We set the alarms at 06:30 as the morning would be cold. Indeed, it was 26F at 7am and God knows what it was doing all night. A few snowflakes floated from the sky and the landscape was hazy. The trees were white with frost and the poor poodle bushes seemed to shiver in the cold.

We wore almost all the clothes we had and never took longjohns during the day. We managed to have lunch in the sun at a campsite and dry off our wet things. Sky and Big Bird who I had met at Kennedy Meadows North passed by and they were also complaining about the incredibly cold weather and how easy Southern California was as they say.

The landscape was magnificent but we were especially too cold to enjoy it. The panties I had rinsed out on lunch break froze in two hours and the water bottles started to freeze. It was also a lot of very steep climbing that made our legs sing hallelujah.

When we reached the beautiful junction with Mount Williamson, it started snowing huge flakes. It was cold even though the sun was shining. We descended and then did the last crazy climb up to the campsite. We tried to make a fire but all the wood was too wet to light. We had our miserable dinner in the cold evening and drank our emergency whiskeys with hot chocolate. The temperature had dropped to 20 degrees Fahrenheit and we escaped to our tents already after 7 p.m.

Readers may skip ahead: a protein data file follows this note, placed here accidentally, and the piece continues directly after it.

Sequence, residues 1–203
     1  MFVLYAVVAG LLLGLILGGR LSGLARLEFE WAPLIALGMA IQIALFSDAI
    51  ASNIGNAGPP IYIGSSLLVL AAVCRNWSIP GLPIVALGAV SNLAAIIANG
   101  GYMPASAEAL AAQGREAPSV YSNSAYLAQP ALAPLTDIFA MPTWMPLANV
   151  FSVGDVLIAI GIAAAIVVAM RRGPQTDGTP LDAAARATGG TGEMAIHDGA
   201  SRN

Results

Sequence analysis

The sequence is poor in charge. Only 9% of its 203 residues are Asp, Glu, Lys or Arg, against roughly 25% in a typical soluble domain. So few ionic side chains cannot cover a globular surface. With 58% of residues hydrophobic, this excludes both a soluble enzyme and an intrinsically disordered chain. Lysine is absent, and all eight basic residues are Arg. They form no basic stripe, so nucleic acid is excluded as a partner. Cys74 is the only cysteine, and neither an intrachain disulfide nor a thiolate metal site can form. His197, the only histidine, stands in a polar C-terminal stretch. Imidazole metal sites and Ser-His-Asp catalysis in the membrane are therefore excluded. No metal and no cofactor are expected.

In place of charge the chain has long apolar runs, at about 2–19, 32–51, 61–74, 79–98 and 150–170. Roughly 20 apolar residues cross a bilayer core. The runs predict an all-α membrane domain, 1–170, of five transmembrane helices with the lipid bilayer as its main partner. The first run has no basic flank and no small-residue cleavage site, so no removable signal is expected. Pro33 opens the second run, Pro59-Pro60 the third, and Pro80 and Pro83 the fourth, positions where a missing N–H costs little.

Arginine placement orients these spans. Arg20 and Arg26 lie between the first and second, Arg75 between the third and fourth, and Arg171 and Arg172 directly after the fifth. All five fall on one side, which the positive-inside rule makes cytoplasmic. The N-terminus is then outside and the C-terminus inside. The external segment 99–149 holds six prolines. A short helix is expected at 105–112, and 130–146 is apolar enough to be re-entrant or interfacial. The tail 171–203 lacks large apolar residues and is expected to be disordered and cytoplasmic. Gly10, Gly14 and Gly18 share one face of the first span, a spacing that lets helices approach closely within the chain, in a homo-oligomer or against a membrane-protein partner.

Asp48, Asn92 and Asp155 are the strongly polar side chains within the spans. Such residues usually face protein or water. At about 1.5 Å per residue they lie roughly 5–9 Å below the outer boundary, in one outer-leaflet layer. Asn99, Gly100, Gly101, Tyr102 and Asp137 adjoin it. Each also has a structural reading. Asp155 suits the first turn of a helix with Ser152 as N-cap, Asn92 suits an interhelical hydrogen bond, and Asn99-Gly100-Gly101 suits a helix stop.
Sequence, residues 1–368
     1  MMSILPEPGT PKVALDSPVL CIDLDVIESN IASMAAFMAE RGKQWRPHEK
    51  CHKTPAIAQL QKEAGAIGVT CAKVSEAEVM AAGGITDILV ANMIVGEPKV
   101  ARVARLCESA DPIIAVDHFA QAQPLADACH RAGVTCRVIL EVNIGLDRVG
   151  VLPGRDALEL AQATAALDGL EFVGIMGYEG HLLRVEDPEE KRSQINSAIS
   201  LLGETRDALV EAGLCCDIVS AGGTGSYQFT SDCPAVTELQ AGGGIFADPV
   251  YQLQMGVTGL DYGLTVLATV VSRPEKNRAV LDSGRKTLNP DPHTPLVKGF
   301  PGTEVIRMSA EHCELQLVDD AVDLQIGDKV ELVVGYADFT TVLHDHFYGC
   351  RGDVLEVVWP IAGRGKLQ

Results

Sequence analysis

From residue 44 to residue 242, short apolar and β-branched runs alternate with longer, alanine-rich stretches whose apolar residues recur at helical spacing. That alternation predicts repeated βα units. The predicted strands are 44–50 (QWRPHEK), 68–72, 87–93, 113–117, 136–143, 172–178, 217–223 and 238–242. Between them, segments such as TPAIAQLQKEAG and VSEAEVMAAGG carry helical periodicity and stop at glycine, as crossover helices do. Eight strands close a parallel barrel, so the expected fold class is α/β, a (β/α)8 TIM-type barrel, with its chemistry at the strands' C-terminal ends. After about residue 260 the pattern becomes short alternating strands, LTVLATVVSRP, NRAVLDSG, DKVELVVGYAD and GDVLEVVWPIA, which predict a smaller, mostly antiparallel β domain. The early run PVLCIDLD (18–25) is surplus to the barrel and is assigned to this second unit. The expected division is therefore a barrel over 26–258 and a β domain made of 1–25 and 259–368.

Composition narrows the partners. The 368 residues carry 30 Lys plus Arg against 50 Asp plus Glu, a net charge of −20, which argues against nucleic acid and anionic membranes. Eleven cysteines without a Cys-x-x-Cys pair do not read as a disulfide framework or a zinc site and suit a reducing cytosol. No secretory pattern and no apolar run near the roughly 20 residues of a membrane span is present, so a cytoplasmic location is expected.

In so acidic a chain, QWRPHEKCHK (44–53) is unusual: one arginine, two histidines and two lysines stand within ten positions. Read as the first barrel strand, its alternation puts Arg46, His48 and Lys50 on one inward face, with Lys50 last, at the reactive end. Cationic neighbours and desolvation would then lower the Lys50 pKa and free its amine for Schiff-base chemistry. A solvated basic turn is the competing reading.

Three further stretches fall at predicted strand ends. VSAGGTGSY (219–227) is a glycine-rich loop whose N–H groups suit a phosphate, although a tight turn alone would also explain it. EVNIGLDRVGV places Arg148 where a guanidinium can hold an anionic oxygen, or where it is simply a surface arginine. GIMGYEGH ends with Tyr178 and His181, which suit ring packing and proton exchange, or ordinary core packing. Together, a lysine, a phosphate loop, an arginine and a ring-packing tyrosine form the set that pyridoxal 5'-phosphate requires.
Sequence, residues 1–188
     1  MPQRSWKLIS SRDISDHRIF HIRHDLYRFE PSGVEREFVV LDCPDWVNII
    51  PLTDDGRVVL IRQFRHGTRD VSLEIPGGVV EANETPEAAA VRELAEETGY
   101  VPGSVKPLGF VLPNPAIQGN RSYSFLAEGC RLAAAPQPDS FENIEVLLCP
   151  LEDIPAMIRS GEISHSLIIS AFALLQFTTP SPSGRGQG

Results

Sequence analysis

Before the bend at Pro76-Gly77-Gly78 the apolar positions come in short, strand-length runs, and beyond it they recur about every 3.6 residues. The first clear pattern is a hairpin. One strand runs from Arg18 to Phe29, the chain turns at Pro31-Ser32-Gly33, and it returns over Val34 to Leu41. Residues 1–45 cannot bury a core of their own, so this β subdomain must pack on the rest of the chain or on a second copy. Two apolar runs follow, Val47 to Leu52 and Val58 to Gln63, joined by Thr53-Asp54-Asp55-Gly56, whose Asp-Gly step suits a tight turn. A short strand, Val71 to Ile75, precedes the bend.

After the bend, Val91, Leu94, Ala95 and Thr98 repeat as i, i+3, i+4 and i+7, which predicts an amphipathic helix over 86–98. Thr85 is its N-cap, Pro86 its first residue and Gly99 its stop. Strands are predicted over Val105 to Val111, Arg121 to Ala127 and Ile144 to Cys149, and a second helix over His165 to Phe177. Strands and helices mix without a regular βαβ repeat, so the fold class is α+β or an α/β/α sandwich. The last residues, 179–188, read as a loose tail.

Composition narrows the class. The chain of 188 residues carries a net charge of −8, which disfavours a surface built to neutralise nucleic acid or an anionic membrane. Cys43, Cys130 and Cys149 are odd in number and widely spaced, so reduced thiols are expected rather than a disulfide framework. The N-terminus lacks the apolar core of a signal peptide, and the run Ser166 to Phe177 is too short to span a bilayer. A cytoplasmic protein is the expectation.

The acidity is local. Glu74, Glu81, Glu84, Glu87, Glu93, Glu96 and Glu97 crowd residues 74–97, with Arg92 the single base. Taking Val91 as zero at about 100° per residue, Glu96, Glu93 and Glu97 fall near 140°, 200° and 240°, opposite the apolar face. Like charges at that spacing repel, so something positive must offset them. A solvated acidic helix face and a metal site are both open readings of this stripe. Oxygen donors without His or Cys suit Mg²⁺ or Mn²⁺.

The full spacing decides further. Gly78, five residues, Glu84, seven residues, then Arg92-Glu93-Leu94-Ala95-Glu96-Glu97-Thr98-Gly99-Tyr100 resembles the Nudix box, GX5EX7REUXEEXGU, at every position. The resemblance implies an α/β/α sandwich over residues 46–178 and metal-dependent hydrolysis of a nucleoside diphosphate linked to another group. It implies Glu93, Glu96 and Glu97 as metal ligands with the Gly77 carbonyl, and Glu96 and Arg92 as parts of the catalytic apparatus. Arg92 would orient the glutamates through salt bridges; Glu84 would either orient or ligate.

The following week’s weather report did not promise much improvement in the weather: snow and very cold temperatures.

Day 119: 12 miles. Little Jimmy Campground in Wrightwood.

It was the coldest night on the trail. We slept with all our clothes on and were still freezing like crazy. I had to blow my mattress twice and it was still empty when I woke up again. I also heard noise and thought it was a bear but it was just Sky and Blue Bird coming up. When I woke up again, all the water bottles and the inside of the tent were frozen.

We started the hike at 7am with all our clothes on and had to strain some water. We were again very tired but had to climb the mountain leading to the summit of Baden-Powell. We were going to the top but the trail up to it was snowy and sometimes there were crazy icicles falling from the trees on us. We were so tired we decided to skip the peak.

I had cell service and learned that my sister had to put down the dog she had had for almost 16 years. It was very sad as she was a family member and this news made the day even more miserable.

The plan was to sleep on the trail and drive to Wrightwood the next morning, but after studying the map I realized we could walk into town from an earlier trailhead. I said to Nine Beers, “We could have some beers tonight” and she replied, “I’m sold!”

We met a guy who thought we were German and we walked with him. He offered to drive us to Wrightwood and even gave me his sitpad because I told him I had lost mine.

In Wrightwood we met Rock Solid at the hardware store and there we got a number for a trail angel who could put us up. We had coffee and pie at a cafe and free hot dogs at a gas station. A lot of people were asking, “Southbounders? when they saw us.

There was a market on Friday and we met our host with a husky. He took us to his huge house that he had built himself and we had dinner and drank beer with him. It even had a hot tub but unfortunately it was too late for us to use it after dinner.